In part 1, we took a look at what’s become of the 6 players involved in the deal that sent Erik Bedard from Baltimore to Seattle. In this piece, we’ll consider how the trade could have set up the Orioles nicely for long-term success in the AL East.
As we said yesterday, we’ve officially reached the quarter point in the 2012 MLB season. You won’t find Matt Kemp on this list, simply because it’s easier if we leave him out, since I’m not really in the mood to debate whether or not he should still be considered despite spending time on the DL. How about this: if he stayed healthy, he’d have topped the NL list. Continue reading
We’ve reached the quarter point of the 2012 MLB season, so let’s start handing out some awards, only wishing we could vote on the real ones ourselves. Although it might not seem like it, many factors were taken into consideration other than FIP. Promise. Continue reading
“I know it seems like a long time coming, but these are high-stakes deals. And we are getting one hell of a player.”
Those are the words of former Mariners GM Bill Bavasi, way back in February 2008. Bavasi had just pulled off an admittedly gutsy 5-for-1 deal that brought left-handed starting pitcher Erik Bedard to Seattle. The crafty French Canadian was coming off a 13-win, 182-inning, 3.16-ERA season, a breakout performance fully supported by his MLB-leading 221 strikeouts to just 57 walks. The Mariners had finally nabbed the ace they desired, seemingly establishing themselves as preseason favorites in the AL West. Continue reading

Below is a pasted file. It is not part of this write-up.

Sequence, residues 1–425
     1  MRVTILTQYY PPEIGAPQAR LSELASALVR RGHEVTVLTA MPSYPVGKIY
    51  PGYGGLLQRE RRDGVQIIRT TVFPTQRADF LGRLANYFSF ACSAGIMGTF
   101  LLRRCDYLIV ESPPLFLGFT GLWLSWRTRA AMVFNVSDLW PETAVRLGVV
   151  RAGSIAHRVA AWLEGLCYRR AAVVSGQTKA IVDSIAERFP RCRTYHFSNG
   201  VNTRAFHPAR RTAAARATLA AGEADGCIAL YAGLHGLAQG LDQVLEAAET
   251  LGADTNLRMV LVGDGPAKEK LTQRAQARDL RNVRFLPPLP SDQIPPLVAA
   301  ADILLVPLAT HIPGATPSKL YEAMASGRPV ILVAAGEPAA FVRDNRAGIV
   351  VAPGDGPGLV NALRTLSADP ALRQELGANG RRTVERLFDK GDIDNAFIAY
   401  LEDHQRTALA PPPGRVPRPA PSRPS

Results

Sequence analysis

Already having committed over $100 million to just 6 players in 2013, the Phillies may not have the cash to resign homegrown ace Cole Hamels when he becomes a free agent after this season. In part 1, we talked about what types of assets teams would probably be willing to part with to acquire Hamels. So, what teams make sense as suitors for the 28-year-old left-hander? Continue reading
A few days ago, we explored the possibility of the Phillies trading starting pitcher Cole Hamels. One of the questions we posed was, “What would teams be willing to trade for him?” GM Ruben Amaro would almost certainly seek high-end, major league-ready talent in return for his ace, since the Phillies seem to be intent on competing in the NL East for the foreseeable future.
But exactly how much talent would teams be willing to give up for Hamels, who will be a free agent after this season? To get an idea, let’s look at some deadline deals from the past few years involving pitchers similar to the 28-year-old left-hander. Continue reading
The Phillies are sitting on a 15-18 record, good for last place in the competitive NL East. In what was more likely a warning shot to his underperforming players than a serious announcement, GM Ruben Amaro declared that his team could be sellers at the trade deadline for the first time since 2006. Continue reading